THE RAPID development of technology usually leaves people no choice but to embrace the digital age. But it is also important to note what we sacrifice in the process.

A professor showed our class a motion graphic video titled “The Innovation of Loneliness,” which tackles loneliness as one effect of social media. It is said that man is a social animal and needs to be in a group for survival.

Today, however, the world seems driven by individualism. There is that inevitable pressure to stand out to have a better life, be on top of the social ladder, gain personal achievements, wealth, etc.

Then came social media, creating an avenue for people to express themselves to stay “connected” with others. It may seem to be a good idea to be connected with people living far away but the truth is we are being disconnected more than ever.

The things we post online are “scripted” and adjusted to improve our image in an instant, things we can never do in real life. But as a result, we become lonely because in the end nobody knows who we really are and we are isolated from genuine human interaction.

It may seem a good idea, to be connected with hundreds of people living thousands of kilometers away, but the truth behind this is we are disconnected from each other. The information we put up on the online are merely scripted and adjusted to improve ourselves in an instant, which we can never do in real time. We become lonely because in the end nobody knows who we really are. We isolate ourselves from real human interaction.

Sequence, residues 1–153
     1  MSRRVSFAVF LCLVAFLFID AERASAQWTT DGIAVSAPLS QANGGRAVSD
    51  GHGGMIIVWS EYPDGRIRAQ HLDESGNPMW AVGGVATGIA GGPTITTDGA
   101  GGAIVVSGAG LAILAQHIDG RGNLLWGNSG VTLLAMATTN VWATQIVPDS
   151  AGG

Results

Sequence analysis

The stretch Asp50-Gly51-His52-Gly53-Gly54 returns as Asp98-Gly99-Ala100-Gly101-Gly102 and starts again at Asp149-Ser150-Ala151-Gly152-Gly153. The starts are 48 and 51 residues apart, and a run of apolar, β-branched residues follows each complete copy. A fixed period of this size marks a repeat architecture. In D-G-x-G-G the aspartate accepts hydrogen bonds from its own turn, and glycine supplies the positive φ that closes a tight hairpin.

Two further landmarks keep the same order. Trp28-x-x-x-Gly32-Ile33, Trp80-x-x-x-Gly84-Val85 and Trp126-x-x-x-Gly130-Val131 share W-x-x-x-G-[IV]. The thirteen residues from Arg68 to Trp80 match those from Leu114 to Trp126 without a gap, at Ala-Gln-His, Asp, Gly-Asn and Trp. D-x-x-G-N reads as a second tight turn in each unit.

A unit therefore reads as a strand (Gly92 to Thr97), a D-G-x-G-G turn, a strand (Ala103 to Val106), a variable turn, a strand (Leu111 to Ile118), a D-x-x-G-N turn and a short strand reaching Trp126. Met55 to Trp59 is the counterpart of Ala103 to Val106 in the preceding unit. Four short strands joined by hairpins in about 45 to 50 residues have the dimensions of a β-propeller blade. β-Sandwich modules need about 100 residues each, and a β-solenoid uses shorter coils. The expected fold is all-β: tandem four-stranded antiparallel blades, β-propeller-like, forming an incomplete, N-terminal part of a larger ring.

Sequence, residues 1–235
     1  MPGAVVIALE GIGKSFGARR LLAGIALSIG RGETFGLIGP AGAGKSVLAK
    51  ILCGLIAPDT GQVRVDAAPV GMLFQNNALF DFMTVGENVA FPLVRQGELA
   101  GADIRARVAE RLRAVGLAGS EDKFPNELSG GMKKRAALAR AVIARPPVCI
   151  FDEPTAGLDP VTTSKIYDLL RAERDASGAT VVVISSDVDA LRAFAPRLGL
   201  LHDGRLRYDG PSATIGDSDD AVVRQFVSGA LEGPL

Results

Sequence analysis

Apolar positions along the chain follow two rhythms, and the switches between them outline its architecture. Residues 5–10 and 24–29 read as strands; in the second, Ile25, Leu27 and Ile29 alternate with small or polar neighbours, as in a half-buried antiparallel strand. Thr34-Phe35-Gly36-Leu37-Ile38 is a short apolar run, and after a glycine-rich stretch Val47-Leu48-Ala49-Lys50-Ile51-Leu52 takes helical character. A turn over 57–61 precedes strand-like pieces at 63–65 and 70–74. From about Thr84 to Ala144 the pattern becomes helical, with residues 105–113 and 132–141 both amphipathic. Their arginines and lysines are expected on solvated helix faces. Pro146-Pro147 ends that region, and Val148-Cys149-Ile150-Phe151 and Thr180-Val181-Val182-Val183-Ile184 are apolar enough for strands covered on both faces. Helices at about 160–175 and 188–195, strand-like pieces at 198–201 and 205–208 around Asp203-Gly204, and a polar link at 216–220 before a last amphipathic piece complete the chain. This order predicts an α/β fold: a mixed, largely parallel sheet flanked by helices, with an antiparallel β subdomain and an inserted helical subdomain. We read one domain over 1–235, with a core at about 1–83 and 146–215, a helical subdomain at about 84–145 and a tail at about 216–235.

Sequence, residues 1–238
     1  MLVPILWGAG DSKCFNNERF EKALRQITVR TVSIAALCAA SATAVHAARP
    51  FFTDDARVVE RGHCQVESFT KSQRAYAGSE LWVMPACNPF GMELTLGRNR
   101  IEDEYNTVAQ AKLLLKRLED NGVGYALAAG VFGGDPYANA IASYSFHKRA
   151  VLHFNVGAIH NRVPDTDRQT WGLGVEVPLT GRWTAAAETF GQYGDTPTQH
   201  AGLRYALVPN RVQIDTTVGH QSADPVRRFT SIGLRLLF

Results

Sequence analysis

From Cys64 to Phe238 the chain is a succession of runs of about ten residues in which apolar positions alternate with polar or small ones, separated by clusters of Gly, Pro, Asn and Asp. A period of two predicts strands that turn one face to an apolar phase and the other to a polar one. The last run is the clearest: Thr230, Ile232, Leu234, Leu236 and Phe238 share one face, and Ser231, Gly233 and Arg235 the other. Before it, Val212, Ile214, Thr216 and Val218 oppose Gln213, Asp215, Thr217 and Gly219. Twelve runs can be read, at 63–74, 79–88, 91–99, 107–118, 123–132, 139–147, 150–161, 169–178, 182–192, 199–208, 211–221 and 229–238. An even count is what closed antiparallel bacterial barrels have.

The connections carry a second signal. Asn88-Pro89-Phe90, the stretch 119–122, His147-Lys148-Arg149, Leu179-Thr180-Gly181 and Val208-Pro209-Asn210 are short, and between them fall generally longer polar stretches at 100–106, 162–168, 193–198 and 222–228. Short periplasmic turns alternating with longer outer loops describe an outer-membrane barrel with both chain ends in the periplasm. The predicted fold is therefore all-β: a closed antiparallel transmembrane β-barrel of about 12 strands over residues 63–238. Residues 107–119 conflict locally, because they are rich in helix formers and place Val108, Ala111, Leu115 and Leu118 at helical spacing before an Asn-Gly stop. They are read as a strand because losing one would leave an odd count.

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We create our own loneliness in the simplest things. For one, it’s nice to have hundreds or thousands of your “friends” on Facebook to greet you online on your birthday. But at the end of the day, these greetings from strangers have no value compared with a simple call or personal greetings from relatives and close friends. A warm hug beats virtual pokes anytime. Food is better shared together, compared with sharing images of the food online. And it is always better to talk to a person rather than posting a status update of our sad problems, which none of our virtual friends really cares about.

We seek to improve our virtual selves first than our real selves. And the more we do, the less we become human and the more we become lonely.

Most people today are guilty of this. It is important to note that there’s nothing wrong with connecting online, but people should know the limits—there are times when we need to plug out and do human activities.

This digital age has given us the opportunity to interact more with people. But it is not a a substitute for the real thing.

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